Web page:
The debate about the Fed is under way, and thank goodness. But as with many policy debates, there really shouldn’t be a debate at all. That’s because, if you think about it, the idea of central banking makes no sense.
We don’t have a government-created central repository that plans and manages shoe distribution. The market takes care of that. We don’t have one for cabbage, keyboards or curtains. Somehow, we get books, clothes, tree-cutting services and everything else we need and want without a central planning agency that manages the quantity available, fixes the prices of the products and bails out the firms when they overextend themselves.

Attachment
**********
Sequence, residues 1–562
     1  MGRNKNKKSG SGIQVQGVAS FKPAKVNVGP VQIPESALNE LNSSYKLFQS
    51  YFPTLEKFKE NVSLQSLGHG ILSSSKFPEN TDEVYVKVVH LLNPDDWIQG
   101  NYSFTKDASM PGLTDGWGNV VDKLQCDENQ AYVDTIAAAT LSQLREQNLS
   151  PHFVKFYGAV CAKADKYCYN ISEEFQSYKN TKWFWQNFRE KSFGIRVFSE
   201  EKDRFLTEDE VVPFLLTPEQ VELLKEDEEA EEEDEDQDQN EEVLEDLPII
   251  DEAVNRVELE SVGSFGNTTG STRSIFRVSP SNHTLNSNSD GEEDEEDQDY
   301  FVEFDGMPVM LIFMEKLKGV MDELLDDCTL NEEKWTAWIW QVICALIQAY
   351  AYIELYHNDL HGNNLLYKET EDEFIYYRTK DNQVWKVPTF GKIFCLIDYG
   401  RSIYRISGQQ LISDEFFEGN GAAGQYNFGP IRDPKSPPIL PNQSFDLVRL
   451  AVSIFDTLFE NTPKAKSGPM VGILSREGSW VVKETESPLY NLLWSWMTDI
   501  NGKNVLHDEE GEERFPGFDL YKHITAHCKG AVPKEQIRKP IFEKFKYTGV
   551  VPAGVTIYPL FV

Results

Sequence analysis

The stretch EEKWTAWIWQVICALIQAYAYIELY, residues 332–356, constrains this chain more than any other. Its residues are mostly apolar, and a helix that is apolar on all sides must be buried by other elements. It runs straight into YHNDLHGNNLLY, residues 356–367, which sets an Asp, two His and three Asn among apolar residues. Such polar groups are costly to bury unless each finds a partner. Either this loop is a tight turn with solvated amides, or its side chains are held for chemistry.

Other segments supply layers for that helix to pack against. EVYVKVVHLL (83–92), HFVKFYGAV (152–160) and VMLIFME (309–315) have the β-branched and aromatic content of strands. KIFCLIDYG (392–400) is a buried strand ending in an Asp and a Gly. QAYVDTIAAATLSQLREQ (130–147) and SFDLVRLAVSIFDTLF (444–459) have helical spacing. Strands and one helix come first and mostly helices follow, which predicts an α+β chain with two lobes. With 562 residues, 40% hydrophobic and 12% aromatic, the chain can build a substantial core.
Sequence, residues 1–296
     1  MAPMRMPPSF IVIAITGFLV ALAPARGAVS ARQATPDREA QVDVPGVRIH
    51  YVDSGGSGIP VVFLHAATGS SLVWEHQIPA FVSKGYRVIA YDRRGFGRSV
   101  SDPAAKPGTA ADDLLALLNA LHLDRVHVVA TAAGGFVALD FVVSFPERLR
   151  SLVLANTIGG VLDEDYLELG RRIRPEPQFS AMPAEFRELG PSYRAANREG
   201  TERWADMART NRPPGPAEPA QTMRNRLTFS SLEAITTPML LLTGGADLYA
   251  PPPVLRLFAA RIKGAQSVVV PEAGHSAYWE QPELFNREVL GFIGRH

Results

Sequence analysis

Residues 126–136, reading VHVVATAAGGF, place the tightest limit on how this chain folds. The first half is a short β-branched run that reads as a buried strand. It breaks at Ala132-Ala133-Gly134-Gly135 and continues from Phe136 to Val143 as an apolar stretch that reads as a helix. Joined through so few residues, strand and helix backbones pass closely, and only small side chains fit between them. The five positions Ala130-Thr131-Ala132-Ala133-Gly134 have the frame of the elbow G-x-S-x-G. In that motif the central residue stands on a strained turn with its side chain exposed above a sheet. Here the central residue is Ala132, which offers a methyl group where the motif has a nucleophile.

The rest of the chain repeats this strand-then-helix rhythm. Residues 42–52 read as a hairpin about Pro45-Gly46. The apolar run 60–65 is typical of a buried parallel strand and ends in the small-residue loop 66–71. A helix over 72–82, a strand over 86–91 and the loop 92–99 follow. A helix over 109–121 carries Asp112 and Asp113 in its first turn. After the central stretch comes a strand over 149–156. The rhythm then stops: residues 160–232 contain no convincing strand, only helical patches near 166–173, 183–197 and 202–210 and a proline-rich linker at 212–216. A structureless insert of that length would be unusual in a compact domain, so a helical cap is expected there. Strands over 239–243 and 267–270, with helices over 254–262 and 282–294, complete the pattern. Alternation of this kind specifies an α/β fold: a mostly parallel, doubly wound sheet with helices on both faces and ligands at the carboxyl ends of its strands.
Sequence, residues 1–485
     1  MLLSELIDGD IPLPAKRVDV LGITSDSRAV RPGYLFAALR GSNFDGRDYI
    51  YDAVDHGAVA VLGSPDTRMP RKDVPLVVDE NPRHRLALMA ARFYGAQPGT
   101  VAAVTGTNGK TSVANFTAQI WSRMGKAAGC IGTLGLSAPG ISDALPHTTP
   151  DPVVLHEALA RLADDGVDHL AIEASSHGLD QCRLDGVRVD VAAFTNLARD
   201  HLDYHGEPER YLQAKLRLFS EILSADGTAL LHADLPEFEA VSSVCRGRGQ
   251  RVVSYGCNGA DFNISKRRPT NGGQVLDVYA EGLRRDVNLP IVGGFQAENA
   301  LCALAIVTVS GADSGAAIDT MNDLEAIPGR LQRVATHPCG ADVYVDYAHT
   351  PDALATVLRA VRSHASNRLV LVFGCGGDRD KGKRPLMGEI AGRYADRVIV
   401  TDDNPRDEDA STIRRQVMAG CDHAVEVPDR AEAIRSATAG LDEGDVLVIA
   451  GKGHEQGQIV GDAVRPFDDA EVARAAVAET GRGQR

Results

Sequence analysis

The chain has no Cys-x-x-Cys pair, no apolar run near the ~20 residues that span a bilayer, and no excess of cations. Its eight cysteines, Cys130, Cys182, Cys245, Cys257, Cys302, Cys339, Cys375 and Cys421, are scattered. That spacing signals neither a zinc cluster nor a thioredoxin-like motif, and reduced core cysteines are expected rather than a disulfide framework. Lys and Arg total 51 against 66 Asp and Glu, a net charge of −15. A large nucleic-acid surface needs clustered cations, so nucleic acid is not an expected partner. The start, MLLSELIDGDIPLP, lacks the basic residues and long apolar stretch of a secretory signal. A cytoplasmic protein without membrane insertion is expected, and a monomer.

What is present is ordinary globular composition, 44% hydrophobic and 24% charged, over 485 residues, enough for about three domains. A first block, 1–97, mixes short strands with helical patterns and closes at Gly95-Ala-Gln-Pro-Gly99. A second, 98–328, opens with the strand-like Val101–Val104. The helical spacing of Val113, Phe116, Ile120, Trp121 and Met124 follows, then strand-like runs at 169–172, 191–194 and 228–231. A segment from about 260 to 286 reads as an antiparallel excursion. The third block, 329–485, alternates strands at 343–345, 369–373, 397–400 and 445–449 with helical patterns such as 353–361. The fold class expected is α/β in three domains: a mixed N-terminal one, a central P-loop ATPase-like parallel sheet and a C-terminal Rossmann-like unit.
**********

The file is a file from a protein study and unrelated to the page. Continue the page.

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Why should money and banking be any different? Money is a commodity. Banking is a business. They both originated in the market, not the state. They should have been left that way, so that the quality of the product could be subject to market discipline. In a market economy, things work themselves out. There is supply and there is demand. Entrepreneurs take notice of profit opportunities and jump in to pull the two together.
This is how the world works for us. This is how it has always worked. This is how we get our software, coffee, sheet music and beef. It’s how we get our cars, the parts that keep them running and the gas that fuels them.
The world is man-made in every respect, and the hands that made it productive, efficient, dynamic and socially beneficial operated within the market matrix. The simple relationships of learning, exchanging and competing gave rise to a glorious system that manages to sustain a global population of 7 billion people.
Read More at Whiskey and Gunpowder By Jeffrey Tucker, Whiskey and Gunpowder
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